Aoife, the clock is ticking!
    So that was it. I walked away from a wonderful tandem experience and was determined that if nothing else, I had to complete “at least” one more jump. I couldn’t go through life and not try it again
    Knowing me and how I think, it made sense to sign up for AFF rather than another tandem.
    “I’ll do the ground school and one jump, then reassess” I told myself.
    Multiple emails back and forward to the IPC Irish Parachute Club, had me booked into school for the second Saturday in April – about 7 weeks after the tandem.
    I was hyper and couldn’t wait for the day to come.
    As it approached, the bravado began to wear off and nobody was happier than me that we did not get to jump that day due to weather. We would have to wait for the following Saturday.
    This was something that stuck with me until AFF6. I would never have been upset not getting any of the first 4 AFF jumps on the day. It was a genuine fight with myself to gear up and just do it. But afterwards, it was always such a buzz.
    At times, I even thought “I wish I could just fast forward the jump bit and get to the après-jump buzz” and go home.
    Unfortunately, you have to load and exit to get that.

    Now, I’m really happy and excited during the hour or so prior to kicking off. But that took a few jumps to get there.
    During the next week, I read the SIM twice. I looked at everything there was to see on YouTube. I even had my first skydive dream!
    Figuring that jumping from a plane, this time unattached to someone who knew what they were doing, I thought it best to know as much as I could.
    I did the AFF1 dive flow, over and over again in my head during the drive to and from work. I ran over my emergency procedures again and again. In fact, I still have the laminated cards with the bullet points, sitting on the dash of the car so that I see them every single day. I practice my EPs daily – numerous times.

    Rinse and repeat….always repeat.
    I went through my notes from class – why was I the only person taking notes? I’d never paid as much attention in all my school and college years combined. I asked more questions in that classroom than everyone else put together. This stuff was important and I wanted to know it down here rather than not know it up there.
    And then the day came…
    Part 2 will be published shortly, keep an eye out on the dropzone.com homepage to follow John's journey through AFF

    By admin, in News,

    Para Gear Photo Submissions For Catalog 80

    Over the years Para Gear has used photos from all of skydiving's disciplines. We do not have a preference as far as what type of skydiving photo it is, rather we look for something that either is eye-catching or pleasing to the eye. In light of the digital age, we are also able to use photos that in one way or another may be less than perfect and enhance them, removing blemishes, flipping images, altering colors, etc.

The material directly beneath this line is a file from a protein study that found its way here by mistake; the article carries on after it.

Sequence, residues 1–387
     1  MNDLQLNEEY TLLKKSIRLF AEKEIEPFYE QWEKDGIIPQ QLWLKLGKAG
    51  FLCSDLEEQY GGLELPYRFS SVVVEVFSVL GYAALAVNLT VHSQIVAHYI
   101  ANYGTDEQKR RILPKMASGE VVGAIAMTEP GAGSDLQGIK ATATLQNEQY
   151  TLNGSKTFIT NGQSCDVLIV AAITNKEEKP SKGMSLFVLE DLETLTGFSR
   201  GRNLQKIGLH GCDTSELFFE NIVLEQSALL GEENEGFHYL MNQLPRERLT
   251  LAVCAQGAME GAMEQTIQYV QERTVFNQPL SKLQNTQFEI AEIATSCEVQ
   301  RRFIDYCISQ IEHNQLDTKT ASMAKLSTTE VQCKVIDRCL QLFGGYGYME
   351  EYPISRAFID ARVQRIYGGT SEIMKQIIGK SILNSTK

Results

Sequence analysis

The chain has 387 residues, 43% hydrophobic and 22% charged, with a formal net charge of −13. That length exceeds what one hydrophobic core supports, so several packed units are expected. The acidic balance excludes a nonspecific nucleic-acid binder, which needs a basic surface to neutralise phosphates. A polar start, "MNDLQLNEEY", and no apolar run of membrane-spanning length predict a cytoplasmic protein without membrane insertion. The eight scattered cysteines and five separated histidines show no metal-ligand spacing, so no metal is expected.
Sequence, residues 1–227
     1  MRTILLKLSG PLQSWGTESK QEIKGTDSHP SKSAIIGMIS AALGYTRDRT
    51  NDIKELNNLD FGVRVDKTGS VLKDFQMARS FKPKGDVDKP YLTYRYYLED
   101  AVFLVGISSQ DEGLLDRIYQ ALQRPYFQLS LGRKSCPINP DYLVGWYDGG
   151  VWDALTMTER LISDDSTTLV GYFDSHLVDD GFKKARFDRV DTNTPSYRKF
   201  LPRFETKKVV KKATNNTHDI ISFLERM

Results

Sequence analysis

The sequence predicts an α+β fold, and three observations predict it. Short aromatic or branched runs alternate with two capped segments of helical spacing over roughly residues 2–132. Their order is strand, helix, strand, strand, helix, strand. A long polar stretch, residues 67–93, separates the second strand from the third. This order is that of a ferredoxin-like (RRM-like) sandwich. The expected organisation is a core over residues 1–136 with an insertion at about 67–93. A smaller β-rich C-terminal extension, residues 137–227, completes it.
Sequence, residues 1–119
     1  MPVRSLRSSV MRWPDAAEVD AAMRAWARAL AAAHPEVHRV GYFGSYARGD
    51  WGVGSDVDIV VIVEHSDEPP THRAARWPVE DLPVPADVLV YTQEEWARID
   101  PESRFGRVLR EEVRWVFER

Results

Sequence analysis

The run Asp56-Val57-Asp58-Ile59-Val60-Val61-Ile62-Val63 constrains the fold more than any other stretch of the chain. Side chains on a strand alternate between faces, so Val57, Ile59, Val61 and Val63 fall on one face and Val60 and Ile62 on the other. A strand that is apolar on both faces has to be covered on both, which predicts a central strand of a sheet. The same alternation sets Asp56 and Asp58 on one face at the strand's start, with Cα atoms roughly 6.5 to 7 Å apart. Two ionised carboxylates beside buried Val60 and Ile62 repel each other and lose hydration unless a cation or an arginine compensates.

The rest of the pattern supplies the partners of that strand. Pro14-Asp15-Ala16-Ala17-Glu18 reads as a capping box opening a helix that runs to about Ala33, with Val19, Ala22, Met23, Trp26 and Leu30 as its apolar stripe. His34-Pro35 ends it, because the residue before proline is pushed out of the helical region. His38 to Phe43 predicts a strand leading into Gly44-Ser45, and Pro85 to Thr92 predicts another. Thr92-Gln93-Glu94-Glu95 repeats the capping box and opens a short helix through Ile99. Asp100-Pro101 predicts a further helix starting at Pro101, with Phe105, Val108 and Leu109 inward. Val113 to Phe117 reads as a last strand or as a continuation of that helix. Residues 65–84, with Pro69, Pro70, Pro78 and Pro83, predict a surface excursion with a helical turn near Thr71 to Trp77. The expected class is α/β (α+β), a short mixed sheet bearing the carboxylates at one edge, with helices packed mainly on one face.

The following are preferences. However what we prefer and what we get, or choose, are not always the same. If however we came down to a choice between two photos of equal quality, we would opt for the one that met more of our preferences. We typically prefer that the photo be brighter. In the past we have used sunset photos and even a night jump photo, although by and large most of the photos are daytime. We like the subject of the image to have contrast with the background. Subjects that are wearing brighter more colorful clothing usually stand out more. We prefer to have the people in the photo wearing equipment since that is what we sell. Headgear, goggles, jumpsuits, altimeters, audible altimeters, and gloves are all good. We also prefer to see skydivers wearing head and foot protection.
    We do not print any BASE jumping nor any Tandem photographs. No submissions of these will be accepted. We are not interested an any photos of individual or groups of skydivers standing on the ground
    Our basic criteria is as follows:
    Vertical Format. The front and back covers of the catalog are both in a vertical format. We can use a horizontal (landscape) shot, as opposed to a vertical (portrait), and then crop it as long as the image lies within a vertical cropping.
    Photo Quality. The front and back cover shots will be printed as 8 ½ x 11 in 300 dpi format. Any film that can hold its quality up to this size and print dpi is fine. Digital format is preferred. In the event of a final cover choice, we prefer to be sent the original digital image or slide for getting the best quality out of the image.
    Back Cover Photo. The back cover photo is no different from the front except in one respect. We need to have room on the left side of the image for the thumb index. In the past we have taken images and been able to horizontally flip them thereby creating this room.
    Originality. Anything that is original, eye-catching, or makes someone take more notice of the catalog covers is something we look for. It could be a photo from a unique camera position or angle, a scenic skydive, shots under canopy, landings, etc. We look for photos that have not been previously published and most likely would not accept them if they have, as we want a photo that no one else has seen yet. We also do not want any photos that are chosen as the front or back covers to be used for other non Para Gear advertising for a period of one year.